The 'vocals' (so to speak) only appear on the first half of the album, and although they are indecipherable they add nice atmosphere. The distant cries of anguish echo like a voice through a grey woodland, and are used in perfect moderation. As mentioned earlier, the drums are only just audible in the background, but in this genre that is exactly where they should be. Letting the keyboards and synths take the lead is a grand idea, and shows that despite Lustre's love for basic minimalism, he is a mature and intelligent songwriter and musician. The guitars are nice and dreamy as well, and it is only because of their presence that this album is still in the metal genre. That and the vocals of course.
Parts '3' and '4' head off in a completely different path. All kinds of links to black metal are severed, and the album becomes purely instrumental. 'Part 3' is an especially calm and soothing track, yet slightly unsettling. It pretty much stays the same all the way through, but the melody is awesome so it doesn't matter. 'Part 4' is literally just nature sounds with some eerie choirs and sound effects. Still hauntingly atmospheric, if not mildly unnecessary. I would say that it doesn't make the album better or worse, its just.......there.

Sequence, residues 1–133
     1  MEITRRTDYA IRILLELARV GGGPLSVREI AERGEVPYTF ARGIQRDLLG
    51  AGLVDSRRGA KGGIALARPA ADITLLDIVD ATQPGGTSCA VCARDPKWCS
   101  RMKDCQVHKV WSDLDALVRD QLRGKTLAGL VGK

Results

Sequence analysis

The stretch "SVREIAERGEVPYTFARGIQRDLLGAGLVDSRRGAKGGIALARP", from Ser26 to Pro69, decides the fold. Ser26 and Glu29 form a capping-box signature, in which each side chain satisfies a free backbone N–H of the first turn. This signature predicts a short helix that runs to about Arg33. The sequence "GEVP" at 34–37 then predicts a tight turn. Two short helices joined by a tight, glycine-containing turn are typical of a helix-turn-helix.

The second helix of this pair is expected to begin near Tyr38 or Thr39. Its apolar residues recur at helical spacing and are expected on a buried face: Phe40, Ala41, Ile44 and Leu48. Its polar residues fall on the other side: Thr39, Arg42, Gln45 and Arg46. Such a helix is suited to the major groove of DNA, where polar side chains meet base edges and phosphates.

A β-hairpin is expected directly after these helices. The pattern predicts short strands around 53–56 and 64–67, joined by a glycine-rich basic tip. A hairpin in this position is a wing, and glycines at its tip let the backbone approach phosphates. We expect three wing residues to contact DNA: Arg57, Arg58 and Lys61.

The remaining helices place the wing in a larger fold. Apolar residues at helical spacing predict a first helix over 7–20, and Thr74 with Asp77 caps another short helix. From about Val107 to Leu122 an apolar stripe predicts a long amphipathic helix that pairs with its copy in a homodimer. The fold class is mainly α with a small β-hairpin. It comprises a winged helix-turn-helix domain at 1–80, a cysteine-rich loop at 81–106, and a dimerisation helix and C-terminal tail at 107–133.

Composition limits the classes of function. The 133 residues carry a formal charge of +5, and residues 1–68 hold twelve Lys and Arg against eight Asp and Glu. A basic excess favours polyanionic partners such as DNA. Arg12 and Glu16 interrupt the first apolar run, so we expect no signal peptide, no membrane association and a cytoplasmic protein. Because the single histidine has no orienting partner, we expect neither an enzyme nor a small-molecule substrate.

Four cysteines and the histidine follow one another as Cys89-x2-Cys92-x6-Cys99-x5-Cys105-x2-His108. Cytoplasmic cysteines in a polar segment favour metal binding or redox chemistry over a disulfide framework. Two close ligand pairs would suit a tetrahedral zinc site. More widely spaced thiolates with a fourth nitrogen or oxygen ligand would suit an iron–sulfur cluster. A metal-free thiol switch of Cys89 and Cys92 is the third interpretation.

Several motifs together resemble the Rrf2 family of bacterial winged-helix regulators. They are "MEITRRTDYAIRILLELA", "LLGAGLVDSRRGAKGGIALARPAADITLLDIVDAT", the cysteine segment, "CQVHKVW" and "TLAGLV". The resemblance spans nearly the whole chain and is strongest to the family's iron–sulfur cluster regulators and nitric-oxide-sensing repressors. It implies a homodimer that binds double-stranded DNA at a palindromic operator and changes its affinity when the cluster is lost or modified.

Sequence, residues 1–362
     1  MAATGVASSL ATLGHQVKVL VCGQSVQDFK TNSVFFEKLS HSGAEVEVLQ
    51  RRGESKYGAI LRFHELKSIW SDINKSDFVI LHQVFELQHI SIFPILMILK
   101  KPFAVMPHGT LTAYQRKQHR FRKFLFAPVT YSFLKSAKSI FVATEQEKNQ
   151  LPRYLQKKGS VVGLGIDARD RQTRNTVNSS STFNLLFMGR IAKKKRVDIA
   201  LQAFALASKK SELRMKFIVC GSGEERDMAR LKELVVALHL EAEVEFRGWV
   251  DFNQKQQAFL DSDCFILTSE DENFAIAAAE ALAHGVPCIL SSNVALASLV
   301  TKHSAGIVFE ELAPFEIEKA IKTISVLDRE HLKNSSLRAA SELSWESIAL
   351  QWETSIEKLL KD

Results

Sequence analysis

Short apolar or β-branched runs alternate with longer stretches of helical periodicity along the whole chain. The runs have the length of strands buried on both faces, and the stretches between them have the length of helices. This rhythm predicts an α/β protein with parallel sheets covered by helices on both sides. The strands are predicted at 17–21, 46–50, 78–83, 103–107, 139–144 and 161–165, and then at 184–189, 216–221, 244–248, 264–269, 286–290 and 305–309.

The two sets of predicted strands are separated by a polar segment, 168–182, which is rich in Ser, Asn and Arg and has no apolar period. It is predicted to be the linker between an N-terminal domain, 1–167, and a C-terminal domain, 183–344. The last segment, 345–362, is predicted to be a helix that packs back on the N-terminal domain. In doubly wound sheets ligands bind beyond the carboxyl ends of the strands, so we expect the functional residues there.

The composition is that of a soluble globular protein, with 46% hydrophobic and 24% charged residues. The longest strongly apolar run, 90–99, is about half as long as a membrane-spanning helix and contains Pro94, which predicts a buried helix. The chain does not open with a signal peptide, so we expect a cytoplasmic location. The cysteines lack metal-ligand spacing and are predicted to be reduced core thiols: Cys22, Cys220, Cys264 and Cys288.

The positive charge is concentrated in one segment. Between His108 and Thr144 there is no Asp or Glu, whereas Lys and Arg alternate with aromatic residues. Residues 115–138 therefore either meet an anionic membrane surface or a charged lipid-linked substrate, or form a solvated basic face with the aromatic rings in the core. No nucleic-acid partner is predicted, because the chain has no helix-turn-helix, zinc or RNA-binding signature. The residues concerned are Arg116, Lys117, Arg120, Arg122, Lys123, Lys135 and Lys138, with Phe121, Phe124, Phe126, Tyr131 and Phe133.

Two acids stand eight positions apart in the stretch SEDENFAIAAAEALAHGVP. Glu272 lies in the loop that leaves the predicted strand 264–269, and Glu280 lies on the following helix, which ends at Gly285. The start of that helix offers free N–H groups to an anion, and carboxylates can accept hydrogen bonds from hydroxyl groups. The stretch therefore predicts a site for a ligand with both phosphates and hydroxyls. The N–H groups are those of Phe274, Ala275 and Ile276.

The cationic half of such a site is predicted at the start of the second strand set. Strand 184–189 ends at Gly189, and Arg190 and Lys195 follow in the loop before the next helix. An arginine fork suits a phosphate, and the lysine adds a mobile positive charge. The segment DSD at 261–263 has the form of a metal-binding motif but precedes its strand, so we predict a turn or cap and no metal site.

They Awoke To The Scent Of Spring is an album that will divide people. Some will view it as a darkly wonderful, graceful journey into the mind, where others may find it's pace frustrating. I will go with the first opinion, and say that this is a mature, majestic release. The only real downfall is that given the length of some of the songs, there maybe could have been room for more musical ideas. However at the end of the day this genre is all about just sitting back, and letting it's simple beauty take you over.
Worth checking out for sure.